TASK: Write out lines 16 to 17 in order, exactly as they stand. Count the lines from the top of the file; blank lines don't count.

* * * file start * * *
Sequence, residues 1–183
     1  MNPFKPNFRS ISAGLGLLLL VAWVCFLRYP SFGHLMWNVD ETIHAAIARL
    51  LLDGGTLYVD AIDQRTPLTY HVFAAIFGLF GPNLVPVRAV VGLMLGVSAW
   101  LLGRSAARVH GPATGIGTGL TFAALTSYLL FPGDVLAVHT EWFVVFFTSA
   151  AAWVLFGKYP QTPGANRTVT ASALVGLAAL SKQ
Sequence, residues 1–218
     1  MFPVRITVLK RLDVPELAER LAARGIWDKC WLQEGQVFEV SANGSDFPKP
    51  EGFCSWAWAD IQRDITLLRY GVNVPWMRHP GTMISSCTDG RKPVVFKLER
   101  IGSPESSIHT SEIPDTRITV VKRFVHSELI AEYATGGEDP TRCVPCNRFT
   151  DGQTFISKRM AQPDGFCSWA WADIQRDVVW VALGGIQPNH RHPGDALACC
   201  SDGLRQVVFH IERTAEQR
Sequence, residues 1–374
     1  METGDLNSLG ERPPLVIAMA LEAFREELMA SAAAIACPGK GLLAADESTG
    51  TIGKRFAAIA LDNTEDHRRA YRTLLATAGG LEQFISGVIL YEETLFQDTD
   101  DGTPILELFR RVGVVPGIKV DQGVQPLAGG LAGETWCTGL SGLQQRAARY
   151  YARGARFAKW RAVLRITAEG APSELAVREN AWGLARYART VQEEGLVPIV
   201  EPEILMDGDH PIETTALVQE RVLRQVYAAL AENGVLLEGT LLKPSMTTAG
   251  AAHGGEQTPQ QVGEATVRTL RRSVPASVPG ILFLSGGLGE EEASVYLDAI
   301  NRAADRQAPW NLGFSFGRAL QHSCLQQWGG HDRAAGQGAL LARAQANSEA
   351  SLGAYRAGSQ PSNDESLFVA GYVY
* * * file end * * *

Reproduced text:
   151  YARGARFAKW RAVLRITAEG APSELAVREN AWGLARYART VQEEGLVPIV
   201  EPEILMDGDH PIETTALVQE RVLRQVYAAL AENGVLLEGT LLKPSMTTAG